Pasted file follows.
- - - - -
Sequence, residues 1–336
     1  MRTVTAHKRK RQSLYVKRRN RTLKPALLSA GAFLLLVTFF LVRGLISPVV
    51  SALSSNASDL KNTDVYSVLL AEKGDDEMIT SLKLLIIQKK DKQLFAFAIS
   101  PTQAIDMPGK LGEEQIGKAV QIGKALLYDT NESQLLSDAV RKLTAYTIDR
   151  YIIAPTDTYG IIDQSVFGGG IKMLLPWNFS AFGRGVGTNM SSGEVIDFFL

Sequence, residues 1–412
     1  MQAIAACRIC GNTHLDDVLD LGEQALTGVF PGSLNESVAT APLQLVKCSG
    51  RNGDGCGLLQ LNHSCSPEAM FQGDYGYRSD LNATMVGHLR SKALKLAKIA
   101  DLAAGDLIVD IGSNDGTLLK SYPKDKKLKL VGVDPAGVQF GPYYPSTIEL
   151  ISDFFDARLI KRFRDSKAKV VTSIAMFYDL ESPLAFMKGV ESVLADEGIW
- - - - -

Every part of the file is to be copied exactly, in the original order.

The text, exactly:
Sequence, residues 1–336
     1  MRTVTAHKRK RQSLYVKRRN RTLKPALLSA GAFLLLVTFF LVRGLISPVV
    51  SALSSNASDL KNTDVYSVLL AEKGDDEMIT SLKLLIIQKK DKQLFAFAIS
   101  PTQAIDMPGK LGEEQIGKAV QIGKALLYDT NESQLLSDAV RKLTAYTIDR
   151  YIIAPTDTYG IIDQSVFGGG IKMLLPWNFS AFGRGVGTNM SSGEVIDFFL

Sequence, residues 1–412
     1  MQAIAACRIC GNTHLDDVLD LGEQALTGVF PGSLNESVAT APLQLVKCSG
    51  RNGDGCGLLQ LNHSCSPEAM FQGDYGYRSD LNATMVGHLR SKALKLAKIA
   101  DLAAGDLIVD IGSNDGTLLK SYPKDKKLKL VGVDPAGVQF GPYYPSTIEL
   151  ISDFFDARLI KRFRDSKAKV VTSIAMFYDL ESPLAFMKGV ESVLADEGIW